Tomas Lindahl

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Tomas Lindahl
Tomas Lindahl 0113.jpg
Tomas Lindahl at the Royal Swedish Academy of Sciences (2015)
Tomas Robert Lindahl

(1938-01-28) 28 January 1938 (age 85)[1]
Stockholm, Sweden
NationalitySwedish, naturalised British
(dual nationality)
Alma mater
Known forClarification of cellular resistance to carcinogens
Scientific career
ThesisOn the structure and stability of nucleic acids in solution (1967)
InfluencesWalter Bodmer

Tomas Robert Lindahl FRS[3] FMedSci[5] (born 28 January 1938) is a Swedish-British scientist specialising in cancer research.[7] In 2015, he was awarded the Nobel Prize in Chemistry[8] jointly with American chemist Paul L. Modrich and Turkish chemist Aziz Sancar for mechanistic studies of DNA repair.[9][10][11]


Lindahl was born in Kungsholmen, Stockholm, Sweden to Folke Robert Lindahl and Ethel Hulda Hultberg.[12] He received a PhD degree in 1967,[13] and an MD degree qualification in 1970, from the Karolinska Institutet in Stockholm.[1]

Career and research[edit]

After obtaining his research doctorate, Lindahl did postdoctoral research at Princeton University and Rockefeller University.[14] He was professor of medical chemistry at the University of Gothenburg 1978–82. After moving to the United Kingdom he joined the Imperial Cancer Research Fund (now Cancer Research UK) as a researcher in 1981.[14] From 1986 to 2005 he was the first Director of Cancer Research UK's Clare Hall Laboratories in Hertfordshire, since 2015 part of the Francis Crick Institute.[15] He continued to research there until 2009. He has contributed to many papers on DNA repair and the genetics of cancer.[16][17][18][19][20][21][22][23][24]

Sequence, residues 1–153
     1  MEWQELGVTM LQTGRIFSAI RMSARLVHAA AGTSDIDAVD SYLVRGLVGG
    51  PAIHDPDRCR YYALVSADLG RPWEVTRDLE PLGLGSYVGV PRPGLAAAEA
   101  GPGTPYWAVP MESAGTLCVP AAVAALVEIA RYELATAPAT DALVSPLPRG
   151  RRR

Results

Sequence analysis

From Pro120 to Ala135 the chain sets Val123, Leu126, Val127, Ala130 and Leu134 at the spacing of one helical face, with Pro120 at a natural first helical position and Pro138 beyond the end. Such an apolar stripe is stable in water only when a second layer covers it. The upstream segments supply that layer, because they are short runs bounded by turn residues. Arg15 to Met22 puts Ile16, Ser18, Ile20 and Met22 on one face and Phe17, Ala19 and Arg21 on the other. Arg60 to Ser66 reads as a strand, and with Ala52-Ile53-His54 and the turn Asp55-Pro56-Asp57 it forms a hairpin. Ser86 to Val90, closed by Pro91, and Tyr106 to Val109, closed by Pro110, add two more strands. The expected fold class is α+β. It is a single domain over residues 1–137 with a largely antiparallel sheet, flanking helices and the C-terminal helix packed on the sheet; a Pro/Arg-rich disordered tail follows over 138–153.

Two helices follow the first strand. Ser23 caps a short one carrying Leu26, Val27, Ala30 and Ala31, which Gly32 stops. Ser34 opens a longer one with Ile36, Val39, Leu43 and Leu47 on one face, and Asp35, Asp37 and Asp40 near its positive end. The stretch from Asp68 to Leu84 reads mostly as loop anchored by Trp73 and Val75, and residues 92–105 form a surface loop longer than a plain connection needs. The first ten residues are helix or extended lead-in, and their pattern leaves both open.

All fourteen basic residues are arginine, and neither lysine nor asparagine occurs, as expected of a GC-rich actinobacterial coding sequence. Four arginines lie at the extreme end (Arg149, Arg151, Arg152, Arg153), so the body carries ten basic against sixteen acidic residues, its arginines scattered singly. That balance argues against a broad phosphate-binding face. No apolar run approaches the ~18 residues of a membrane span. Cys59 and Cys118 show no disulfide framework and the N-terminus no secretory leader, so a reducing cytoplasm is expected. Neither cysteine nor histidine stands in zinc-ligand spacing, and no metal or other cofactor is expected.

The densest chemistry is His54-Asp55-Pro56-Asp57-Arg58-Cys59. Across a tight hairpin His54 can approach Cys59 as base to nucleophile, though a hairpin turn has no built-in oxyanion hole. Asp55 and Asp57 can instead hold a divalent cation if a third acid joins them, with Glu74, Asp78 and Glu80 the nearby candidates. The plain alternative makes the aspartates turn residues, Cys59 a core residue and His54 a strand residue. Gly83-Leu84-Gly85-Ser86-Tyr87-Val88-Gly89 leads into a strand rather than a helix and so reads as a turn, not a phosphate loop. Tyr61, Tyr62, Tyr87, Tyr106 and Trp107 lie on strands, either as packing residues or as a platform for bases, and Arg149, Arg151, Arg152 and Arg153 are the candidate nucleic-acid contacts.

Awards and honours[edit]

Lindahl was elected an EMBO Member in 1974[2] and Fellow of the Royal Society (FRS) in 1988,[4] his certificate of election reads:

Dr. Tomas Lindahl is noted for his contributions to the comprehension of DNA repair at the molecular level in bacterial and mammalian cells. He was the first to isolate a mammalian DNA ligase and to describe a totally unanticipated novel group of DNA glycosylases as mediators of DNA excision repair. He has also discovered a unique class of enzymes in mammalian cells, namely the methyltransferases, which mediate the adaptive response to alkylation of DNA and has shown that the expression of these enzymes is regulated by the ada gene. More recently he has elucidated the molecular defect in Blooms syndrome [sic] to be the lack of DNA ligase I. Apart from providing profound insights into the nature of the DNA repair process his very important contributions promise to facilitate the design of more selective chemotherapeutic drugs for the treatment of cancer. Lindahl has also made a number of significant contributions to understanding at the DNA level the mechanism of transformation of B-lymphocytes by the Epstein-Barr virus. The most notable of these was the first description of the occurrence in lymphoid cells of closed circular duplex viral DNA.[3]

Lindahl received the Royal Society's Royal Medal in 2007 "making fundamental contributions to our understanding of DNA repair. His achievements stand out for their great originality, breadth and lasting influence."[25] He is a member of the Norwegian Academy of Science and Letters.[26] He was awarded the Copley Medal in 2010. He was elected a founding Fellow of the Academy of Medical Sciences (FMedSci) in 1998. In 2018, he was elected a foreign associate of the National Academy of Sciences.

He shared the Nobel Prize in Chemistry in 2015.[9] The Swedish Academy noted that "The Nobel Prize in Chemistry 2015 was awarded jointly to Tomas Lindahl, Paul Modrich and Aziz Sancar 'for mechanistic studies of DNA repair'."[27]


  1. ^ a b "LINDAHL, Tomas Robert". Who's Who. Vol. 2015 (online Oxford University Press ed.). A & C Black, an imprint of Bloomsbury Publishing plc. (Subscription or UK public library membership required.) (subscription required)
  2. ^ a b "Tomas Lindahl EMBO profile". Heidelberg: European Molecular Biology Organization.
  3. ^ a b c "Lindahl, Tomas Robert: EC/1988/20". London: The Royal Society. Archived from the original on 10 July 2019.
  4. ^ a b Anon (1988). "Dr Tomas Lindahl FMedSci FRS". London: Royal Society. Archived from the original on 22 September 2015. One or more of the preceding sentences incorporates text from the website where: